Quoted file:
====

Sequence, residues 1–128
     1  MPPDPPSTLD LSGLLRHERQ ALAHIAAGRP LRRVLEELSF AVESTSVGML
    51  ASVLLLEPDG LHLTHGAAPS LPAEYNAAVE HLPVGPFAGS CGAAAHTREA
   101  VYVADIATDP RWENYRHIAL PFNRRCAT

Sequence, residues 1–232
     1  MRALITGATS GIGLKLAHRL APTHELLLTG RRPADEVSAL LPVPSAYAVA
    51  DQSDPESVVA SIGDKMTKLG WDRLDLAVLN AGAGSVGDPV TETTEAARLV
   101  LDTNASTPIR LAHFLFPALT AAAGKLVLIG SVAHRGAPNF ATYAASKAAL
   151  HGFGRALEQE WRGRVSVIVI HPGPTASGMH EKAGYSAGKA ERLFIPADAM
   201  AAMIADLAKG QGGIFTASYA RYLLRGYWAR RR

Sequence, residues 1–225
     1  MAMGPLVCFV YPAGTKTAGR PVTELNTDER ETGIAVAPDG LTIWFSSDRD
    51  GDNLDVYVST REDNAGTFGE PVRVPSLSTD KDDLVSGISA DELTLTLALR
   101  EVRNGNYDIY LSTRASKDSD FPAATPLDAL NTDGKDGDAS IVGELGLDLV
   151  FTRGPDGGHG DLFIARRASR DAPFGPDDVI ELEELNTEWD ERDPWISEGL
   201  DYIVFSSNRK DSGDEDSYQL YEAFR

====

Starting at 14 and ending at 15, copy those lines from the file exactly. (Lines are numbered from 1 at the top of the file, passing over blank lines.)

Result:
   101  EVRNGNYDIY LSTRASKDSD FPAATPLDAL NTDGKDGDAS IVGELGLDLV
   151  FTRGPDGGHG DLFIARRASR DAPFGPDDVI ELEELNTEWD ERDPWISEGL